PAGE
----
Puppies and practice - the positive impact of informal learning

Two months ago a Golden Retriever puppy called Leto became part of our family life. Using the benefit of hindsight, I've reflected on how, as a family, we've learnt and developed new skills as first-time dog owners. Unsurprisingly, there are interesting parallels with how we build skills effectively in the workplace - but what has surprised me is the importance of aligning on a motivating purpose and the positive impact of "informal" learning.

Starting with a Purpose

So, we'd agreed we were getting a puppy – the easy bit! Next we talked as a family about what we wanted from this new experience. Conversations such as "I don't want a dog that jumps up and chases my football…" from my football mad son and "How can we get our cat and the new dog to co-exist in the same house?" from my cat-loving wife, helped us get to a clear, motivating purpose:

"We want a happy, friendly, well-behaved dog that fits with and enriches our family life."

Looking back, it was important that we agreed this as a family and that it matters to us in an emotionally significant way. This gave us all a personal need - the why – for our learning and development.

Developing a 70/20/10 Plan

Armed with our purpose, we worked out how we would deliver against this and what specifically we needed to do to develop the required skills and experience… given we've never owned a dog, live in a terraced house with 2 children, and have a cat!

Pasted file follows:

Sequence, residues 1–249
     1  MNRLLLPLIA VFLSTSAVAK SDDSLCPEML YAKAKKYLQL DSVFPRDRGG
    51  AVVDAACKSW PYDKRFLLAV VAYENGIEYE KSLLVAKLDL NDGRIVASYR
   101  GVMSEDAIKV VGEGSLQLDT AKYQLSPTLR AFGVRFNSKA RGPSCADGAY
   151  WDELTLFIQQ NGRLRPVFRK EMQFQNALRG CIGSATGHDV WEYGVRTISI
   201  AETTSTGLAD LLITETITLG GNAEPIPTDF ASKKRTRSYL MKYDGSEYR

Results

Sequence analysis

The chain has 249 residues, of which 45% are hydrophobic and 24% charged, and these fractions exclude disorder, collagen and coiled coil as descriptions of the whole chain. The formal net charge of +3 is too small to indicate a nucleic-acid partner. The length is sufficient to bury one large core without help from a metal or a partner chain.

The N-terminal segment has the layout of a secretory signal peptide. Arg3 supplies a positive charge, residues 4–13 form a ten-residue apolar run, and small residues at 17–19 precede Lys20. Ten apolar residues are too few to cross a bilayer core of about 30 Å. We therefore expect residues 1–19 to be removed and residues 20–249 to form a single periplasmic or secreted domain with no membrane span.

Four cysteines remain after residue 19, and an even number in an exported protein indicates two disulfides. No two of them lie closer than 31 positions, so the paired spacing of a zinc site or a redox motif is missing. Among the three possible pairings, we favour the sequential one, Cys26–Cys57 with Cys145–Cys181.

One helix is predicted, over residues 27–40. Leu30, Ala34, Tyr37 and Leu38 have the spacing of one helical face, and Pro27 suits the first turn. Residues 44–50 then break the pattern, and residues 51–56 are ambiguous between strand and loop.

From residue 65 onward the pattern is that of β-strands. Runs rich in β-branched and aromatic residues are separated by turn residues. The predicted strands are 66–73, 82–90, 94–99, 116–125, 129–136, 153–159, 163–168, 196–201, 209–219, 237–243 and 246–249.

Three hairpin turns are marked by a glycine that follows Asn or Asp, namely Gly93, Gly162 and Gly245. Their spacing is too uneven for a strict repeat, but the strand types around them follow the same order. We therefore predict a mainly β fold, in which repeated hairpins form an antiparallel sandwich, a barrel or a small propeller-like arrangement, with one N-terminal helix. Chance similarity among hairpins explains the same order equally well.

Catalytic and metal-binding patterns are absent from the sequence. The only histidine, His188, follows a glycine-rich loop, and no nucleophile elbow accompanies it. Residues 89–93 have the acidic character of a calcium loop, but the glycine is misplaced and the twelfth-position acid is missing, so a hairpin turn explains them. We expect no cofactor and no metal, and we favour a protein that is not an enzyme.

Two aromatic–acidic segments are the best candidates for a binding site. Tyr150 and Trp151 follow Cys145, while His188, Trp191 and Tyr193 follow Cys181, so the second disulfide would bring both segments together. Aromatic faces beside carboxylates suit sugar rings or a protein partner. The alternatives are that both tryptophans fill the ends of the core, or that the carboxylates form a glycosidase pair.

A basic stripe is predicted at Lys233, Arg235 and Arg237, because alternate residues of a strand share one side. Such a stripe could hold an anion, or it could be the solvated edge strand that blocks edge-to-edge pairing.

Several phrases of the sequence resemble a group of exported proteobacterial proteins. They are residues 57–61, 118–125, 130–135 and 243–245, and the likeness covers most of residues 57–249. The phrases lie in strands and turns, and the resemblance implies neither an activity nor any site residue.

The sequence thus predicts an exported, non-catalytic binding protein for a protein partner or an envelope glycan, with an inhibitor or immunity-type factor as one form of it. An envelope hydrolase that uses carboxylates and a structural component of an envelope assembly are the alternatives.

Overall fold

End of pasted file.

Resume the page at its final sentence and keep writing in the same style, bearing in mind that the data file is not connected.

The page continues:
The support and learning experiences we put in place fitted 'Lombardo and Eichinger's' 70:20:10 concept. This has proven that skill development and learning happens as follows: 70% 'on the job' through activity and experience, 20% through contact and interaction with others (feedback, coaching, mentors and expert advice) and 10% through formal training. So, for us:

  • 10% formal - Puppy classes, "Perfect Puppy" book, accompanied walk, and internet resources
  • 20% through others - Vet, breeder, internet resources, dog owning friends, pet shop, dog walkers, observing others, and talking about our experience with each other
  • 70% experience - Every day (and night…), putting the theory into practice (or trying to!)

Key learning About How We Learn

This experience has re-enforced the importance of a blended approach for learning; mixing formal and informal learning in a fluid way. There are three things that have surprised me, though:

  1. The importance of the purpose - effective development starts with a clear, motivating purpose. You need to work out why you’re doing this and make it matter.
  2. The impact of informal elements of learning and development – the 90%. Learning through others and the importance of experience is often under estimated; it is incredibly powerful in combination with the formal element.
  3. The sheer range of resources available for the critical "learning through others" element of our development and the positive effect on skill development when applied in response to "a just in time" need.

Finally, what's been enjoyable for me is how this change in our circumstances has opened up a richly rewarding experience of learning and developing as a family in a completely new area for us. It's re-enforced the importance of learning and developing. And it goes without saying that we're thoroughly thrilled to have Leto as a new part of our family life!

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